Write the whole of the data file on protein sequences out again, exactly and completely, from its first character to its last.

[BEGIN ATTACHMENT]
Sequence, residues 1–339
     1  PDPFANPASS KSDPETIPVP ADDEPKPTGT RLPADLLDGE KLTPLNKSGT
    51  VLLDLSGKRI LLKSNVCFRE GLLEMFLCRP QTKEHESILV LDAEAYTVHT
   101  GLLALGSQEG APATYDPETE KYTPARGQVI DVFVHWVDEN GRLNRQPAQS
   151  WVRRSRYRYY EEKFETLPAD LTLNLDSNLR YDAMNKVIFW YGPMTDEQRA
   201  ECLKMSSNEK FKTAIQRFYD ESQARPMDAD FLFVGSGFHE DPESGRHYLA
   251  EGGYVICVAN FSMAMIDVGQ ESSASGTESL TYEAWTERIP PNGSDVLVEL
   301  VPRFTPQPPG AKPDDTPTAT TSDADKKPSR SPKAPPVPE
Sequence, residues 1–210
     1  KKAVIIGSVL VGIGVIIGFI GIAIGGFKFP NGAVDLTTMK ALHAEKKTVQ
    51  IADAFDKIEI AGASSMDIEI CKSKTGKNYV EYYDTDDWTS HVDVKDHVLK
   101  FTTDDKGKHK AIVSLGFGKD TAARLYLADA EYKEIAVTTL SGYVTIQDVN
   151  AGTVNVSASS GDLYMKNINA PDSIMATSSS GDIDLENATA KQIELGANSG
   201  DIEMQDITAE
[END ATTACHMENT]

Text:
Sequence, residues 1–339
     1  PDPFANPASS KSDPETIPVP ADDEPKPTGT RLPADLLDGE KLTPLNKSGT
    51  VLLDLSGKRI LLKSNVCFRE GLLEMFLCRP QTKEHESILV LDAEAYTVHT
   101  GLLALGSQEG APATYDPETE KYTPARGQVI DVFVHWVDEN GRLNRQPAQS
   151  WVRRSRYRYY EEKFETLPAD LTLNLDSNLR YDAMNKVIFW YGPMTDEQRA
   201  ECLKMSSNEK FKTAIQRFYD ESQARPMDAD FLFVGSGFHE DPESGRHYLA
   251  EGGYVICVAN FSMAMIDVGQ ESSASGTESL TYEAWTERIP PNGSDVLVEL
   301  VPRFTPQPPG AKPDDTPTAT TSDADKKPSR SPKAPPVPE
Sequence, residues 1–210
     1  KKAVIIGSVL VGIGVIIGFI GIAIGGFKFP NGAVDLTTMK ALHAEKKTVQ
    51  IADAFDKIEI AGASSMDIEI CKSKTGKNYV EYYDTDDWTS HVDVKDHVLK
   101  FTTDDKGKHK AIVSLGFGKD TAARLYLADA EYKEIAVTTL SGYVTIQDVN
   151  AGTVNVSASS GDLYMKNINA PDSIMATSSS GDIDLENATA KQIELGANSG
   201  DIEMQDITAE